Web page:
Quotes for Topic: Salvation-means
Salvation is from our side a choice; from the divine side it is a seizing upon, an apprehending, a conquest by the Most High God. Our “accepting” and “willing” are reactions rather than actions. The right of determination must always remain with God.
Here is how it happens. When the Spirit of God works savingly through the Word of God in a person’s life, God regenerates the heart (i.e., He gives him new birth), making him a new creation. As a new creation this newborn Christian recognizes his sin and turns to God for forgiveness. God enables Him to believe the Word. This is always the case (John 6:37). This belief is what God uses to bind or unite someone to Christ. It is through this union that we then experience the benefits of Christ’s work. We are considered righteous because we are now able to inherit Christ’s righteousness. It is imputed to us or considered effective in our life. We are not just innocent, but positively righteous. Moreover, since Christ is life (John 14:6), once we are united to Christ, we inherit abundant, eternal life from Him (John 6:39-40).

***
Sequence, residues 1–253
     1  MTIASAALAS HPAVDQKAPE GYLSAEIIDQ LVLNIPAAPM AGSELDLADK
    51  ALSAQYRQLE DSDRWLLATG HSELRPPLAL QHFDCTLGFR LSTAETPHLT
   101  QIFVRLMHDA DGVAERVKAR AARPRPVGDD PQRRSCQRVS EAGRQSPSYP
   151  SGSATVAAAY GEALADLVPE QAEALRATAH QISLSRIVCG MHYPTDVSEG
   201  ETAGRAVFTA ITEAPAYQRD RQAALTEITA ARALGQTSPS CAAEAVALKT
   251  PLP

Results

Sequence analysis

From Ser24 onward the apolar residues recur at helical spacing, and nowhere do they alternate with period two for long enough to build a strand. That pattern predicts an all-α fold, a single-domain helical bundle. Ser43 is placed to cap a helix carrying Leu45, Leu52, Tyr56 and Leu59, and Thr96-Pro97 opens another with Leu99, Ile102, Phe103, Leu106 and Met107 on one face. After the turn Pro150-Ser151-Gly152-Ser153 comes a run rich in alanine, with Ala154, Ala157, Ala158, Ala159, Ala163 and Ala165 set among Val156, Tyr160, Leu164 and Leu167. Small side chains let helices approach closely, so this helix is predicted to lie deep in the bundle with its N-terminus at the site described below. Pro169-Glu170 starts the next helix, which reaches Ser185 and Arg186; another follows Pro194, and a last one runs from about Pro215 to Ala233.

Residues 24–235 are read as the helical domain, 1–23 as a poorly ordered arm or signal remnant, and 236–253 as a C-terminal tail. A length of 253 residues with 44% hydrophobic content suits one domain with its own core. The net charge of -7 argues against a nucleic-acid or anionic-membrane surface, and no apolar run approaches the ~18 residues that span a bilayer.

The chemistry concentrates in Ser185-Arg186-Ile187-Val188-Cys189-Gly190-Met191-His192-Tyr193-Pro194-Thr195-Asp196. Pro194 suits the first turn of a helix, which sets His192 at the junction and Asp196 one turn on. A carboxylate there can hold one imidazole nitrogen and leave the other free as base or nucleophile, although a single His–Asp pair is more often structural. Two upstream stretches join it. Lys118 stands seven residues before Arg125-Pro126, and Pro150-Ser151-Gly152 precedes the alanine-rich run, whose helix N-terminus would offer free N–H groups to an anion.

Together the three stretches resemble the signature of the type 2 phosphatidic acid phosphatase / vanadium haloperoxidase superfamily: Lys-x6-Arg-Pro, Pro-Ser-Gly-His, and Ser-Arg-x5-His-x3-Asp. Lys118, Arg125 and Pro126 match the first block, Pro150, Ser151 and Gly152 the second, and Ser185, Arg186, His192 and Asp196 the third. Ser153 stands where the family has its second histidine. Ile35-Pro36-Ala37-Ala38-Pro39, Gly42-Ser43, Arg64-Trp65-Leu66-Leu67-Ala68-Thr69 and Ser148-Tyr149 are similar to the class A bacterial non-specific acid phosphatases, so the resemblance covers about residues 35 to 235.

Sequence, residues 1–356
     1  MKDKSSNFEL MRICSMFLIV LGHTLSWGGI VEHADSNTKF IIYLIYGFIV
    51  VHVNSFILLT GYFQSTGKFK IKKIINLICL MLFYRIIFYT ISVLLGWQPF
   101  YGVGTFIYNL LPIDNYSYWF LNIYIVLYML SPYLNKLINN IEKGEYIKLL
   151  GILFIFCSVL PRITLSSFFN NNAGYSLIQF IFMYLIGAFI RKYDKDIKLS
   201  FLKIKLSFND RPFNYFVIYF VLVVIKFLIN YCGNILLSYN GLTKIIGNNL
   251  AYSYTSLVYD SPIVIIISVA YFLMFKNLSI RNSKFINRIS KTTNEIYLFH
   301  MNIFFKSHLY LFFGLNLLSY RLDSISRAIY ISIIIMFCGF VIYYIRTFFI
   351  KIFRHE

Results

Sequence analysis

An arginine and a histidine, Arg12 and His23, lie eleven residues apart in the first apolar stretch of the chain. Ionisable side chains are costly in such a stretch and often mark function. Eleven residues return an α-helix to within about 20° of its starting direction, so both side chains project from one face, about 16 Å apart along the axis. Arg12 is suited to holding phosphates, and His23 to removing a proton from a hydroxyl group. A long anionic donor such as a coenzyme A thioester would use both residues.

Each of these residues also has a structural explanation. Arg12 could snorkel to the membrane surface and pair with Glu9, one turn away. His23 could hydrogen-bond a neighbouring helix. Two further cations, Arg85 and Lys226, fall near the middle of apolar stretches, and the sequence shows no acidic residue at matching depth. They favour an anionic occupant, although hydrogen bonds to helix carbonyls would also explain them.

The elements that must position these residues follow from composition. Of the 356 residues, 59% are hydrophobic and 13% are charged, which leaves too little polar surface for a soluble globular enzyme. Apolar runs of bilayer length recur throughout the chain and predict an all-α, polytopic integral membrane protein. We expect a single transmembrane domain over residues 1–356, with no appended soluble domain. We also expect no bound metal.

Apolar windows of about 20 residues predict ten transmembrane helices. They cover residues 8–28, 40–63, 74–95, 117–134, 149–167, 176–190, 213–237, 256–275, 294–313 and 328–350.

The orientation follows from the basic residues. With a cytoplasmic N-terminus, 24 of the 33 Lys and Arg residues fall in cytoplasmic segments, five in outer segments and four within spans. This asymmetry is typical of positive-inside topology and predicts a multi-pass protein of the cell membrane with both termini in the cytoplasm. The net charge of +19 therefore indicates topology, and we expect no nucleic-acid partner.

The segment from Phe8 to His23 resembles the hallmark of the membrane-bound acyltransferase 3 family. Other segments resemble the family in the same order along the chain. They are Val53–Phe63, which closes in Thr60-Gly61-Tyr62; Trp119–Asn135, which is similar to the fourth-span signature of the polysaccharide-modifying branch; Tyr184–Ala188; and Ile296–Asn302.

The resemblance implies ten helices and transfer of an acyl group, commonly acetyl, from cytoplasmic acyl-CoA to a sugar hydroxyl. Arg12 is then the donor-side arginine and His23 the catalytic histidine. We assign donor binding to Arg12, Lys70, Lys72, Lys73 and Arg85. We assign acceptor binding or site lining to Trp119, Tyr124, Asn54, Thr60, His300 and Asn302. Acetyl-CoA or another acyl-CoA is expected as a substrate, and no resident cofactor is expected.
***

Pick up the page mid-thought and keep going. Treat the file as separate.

Reference: New Birth by Ben Peays taken from Don’t Call it a Comeback, edited by Kevin DeYoung, copyright 2011, Crossway Books, a division of Good News Publishers, Wheaton Illinois 60187, www.crosswaybooks.org, pages 90-91.
Our opponents say, "Salvation belongs to the free will of man; if not to man's merit, yet at least to man's will;" but we hold and teach that salvation from first to last, in every iota of it, belongs to the Most High God. It is God that chooses His people. He calls them by His grace; He quickens them by His Spirit, and keeps them by His power.
Reference: Treasury of David, Commentary for Psalm 2:8.
When I was coming to Christ, I thought I was doing it all myself, and though I sought the Lord earnestly, I had no idea the Lord was seeking me. I do not think the young convert is at first aware of this… One week-night, ... the thought struck me, "How did you come to be a Christian?" I sought the Lord. "But how did you come to seek the Lord?" The truth flashed across my mind in a moment – I should not have sought Him unless there had been some previous influence in my mind to make me seek Him. I prayed, thought I, but then I asked myself, How came I to pray? I was induced to pray by reading the Scriptures. How came I to read the Scriptures? I did read them, but what led me to do so? Then, in a moment, I saw that God was at the bottom of it all, and that He was the Author of my faith, and so the whole doctrine of grace opened up to me, and from that doctrine I have not departed to this day, and I desire to make this my constant confession, "I ascribe my change wholly to God"